Monday, January 17, 2011

Muslim Women Reformers by Ida Lichter

In Muslim Women Reformers, Ida Lichter does an exhaustive survey of the state of Muslim womens' rights in countries around the world and profiles women and organizations in each country working on the issues.  While there is some degree of suppression of womens' rights in each country as compared to Western countries, there are differences with some countries completely restrictive while some have started work on the issues.

The book covers the mid-Eastern countries that the reader would expect, but also covers Muslim women's rights and struggles in African countries as well as countries such as the United States and Canada.  The range of issues is wide.  Women are often considered legally half the worth of a man.  Honor killings are tolerated in some countries.  Education is a major issue in all the countries, as the reformers realise that without an educated female population, it is unlikely that reform will occur.  Female circumsion is very common in some Muslim countries, less so in others.  In some countries, focus has been concentrated on items as seemingly prosaic as a woman's right to drive a car.  While this is a commonplace right in Western societies, it is not as accepted in many countries.  There are issues with driving uncovered; taking a driver's license picture, and the ability to travel without male supervision.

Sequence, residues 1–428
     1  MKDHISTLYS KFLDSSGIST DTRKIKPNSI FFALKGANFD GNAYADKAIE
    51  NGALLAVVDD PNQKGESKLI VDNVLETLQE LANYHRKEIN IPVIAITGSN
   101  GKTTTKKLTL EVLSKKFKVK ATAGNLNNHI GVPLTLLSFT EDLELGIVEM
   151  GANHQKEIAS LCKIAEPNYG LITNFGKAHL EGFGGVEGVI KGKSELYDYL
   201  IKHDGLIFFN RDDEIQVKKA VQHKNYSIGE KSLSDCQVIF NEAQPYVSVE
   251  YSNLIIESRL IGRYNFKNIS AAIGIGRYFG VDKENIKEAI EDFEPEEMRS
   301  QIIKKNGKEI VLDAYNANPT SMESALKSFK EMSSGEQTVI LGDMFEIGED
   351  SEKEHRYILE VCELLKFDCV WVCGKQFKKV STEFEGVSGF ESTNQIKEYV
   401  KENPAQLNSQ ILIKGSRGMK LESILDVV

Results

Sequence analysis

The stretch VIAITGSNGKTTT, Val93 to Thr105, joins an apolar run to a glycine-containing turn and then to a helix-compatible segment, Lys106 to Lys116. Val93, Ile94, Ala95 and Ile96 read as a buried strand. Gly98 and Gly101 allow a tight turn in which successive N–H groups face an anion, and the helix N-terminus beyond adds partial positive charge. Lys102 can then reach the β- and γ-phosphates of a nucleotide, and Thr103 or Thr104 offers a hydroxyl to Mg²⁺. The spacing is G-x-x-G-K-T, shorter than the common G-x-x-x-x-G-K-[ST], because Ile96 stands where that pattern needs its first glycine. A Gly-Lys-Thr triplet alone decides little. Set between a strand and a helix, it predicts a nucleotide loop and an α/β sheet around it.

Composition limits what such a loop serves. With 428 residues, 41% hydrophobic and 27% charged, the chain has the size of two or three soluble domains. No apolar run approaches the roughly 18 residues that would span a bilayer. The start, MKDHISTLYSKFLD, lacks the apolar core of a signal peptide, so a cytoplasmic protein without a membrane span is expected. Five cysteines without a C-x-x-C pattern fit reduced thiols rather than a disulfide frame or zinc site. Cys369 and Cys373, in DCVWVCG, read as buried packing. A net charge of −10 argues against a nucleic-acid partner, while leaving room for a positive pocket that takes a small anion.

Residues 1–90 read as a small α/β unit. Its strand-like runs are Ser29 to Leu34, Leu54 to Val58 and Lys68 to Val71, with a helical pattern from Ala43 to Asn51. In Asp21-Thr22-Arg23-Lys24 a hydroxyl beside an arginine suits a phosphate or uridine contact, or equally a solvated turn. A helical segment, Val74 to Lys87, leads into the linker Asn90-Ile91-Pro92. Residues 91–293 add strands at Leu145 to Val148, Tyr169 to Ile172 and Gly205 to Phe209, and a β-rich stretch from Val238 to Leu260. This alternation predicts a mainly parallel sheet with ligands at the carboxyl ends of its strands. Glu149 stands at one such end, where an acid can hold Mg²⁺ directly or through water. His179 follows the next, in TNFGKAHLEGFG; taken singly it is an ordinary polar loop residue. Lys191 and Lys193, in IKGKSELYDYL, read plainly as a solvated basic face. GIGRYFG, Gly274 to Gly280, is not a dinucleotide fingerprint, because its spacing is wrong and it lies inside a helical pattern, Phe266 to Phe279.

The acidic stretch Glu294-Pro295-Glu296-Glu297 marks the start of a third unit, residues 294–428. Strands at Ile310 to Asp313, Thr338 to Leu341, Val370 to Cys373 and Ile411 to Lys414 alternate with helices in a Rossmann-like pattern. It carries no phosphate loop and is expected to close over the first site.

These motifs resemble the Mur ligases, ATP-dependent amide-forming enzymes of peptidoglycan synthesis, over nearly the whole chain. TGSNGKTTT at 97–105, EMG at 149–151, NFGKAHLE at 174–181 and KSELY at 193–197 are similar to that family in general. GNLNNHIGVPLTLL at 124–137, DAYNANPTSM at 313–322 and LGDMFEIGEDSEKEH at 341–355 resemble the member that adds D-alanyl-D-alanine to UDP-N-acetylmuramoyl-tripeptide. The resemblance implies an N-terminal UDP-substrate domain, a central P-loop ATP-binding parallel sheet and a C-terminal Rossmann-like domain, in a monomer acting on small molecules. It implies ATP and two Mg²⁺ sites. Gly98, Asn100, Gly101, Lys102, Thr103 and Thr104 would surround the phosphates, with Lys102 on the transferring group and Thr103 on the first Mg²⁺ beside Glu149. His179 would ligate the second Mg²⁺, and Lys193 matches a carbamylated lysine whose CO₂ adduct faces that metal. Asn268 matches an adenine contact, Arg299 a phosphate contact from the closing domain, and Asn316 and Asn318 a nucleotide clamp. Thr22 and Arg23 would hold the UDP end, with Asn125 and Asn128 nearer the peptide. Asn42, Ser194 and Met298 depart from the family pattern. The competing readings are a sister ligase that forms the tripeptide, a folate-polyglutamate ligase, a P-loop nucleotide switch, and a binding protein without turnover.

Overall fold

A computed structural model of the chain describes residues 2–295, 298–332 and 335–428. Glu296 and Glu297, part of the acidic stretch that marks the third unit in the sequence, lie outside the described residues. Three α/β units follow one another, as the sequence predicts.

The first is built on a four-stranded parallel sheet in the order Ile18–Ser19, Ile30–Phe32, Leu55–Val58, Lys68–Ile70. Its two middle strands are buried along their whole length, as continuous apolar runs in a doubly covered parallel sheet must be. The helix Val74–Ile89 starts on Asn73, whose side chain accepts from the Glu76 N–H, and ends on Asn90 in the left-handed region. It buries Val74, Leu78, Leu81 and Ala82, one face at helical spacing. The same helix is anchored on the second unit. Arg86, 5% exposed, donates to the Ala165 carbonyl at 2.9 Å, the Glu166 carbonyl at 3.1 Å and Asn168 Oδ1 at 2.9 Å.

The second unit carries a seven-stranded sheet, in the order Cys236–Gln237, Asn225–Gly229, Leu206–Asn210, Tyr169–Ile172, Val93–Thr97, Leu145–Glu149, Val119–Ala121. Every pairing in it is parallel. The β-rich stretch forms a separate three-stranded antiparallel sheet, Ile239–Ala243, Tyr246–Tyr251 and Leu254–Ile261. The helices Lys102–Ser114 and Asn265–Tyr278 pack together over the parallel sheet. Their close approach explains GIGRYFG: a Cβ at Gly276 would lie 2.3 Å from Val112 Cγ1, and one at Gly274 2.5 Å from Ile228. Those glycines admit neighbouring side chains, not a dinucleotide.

The women who have been highlighted are heroes.  They have given up employment, been imprisoned, forced to live in secretcy, and even tortued.  Yet, they continue the fight, and slowly, slowly they are making changes.  Some are adamently opposed to Islam.  Others are devout Muslims who believe that the religion has been misinterpreted by male clerics.  They want to redefine Islam in a way that promotes gender equality, which they believe was the original intent.

This book is recommended reading for all those interested in human rights, and especially those focused on womens' rights.  The sustained courage and vision of these women is awe-inspiring, and it makes the reader question how far would they be willing to go to fight for their rights in a similiar situation.

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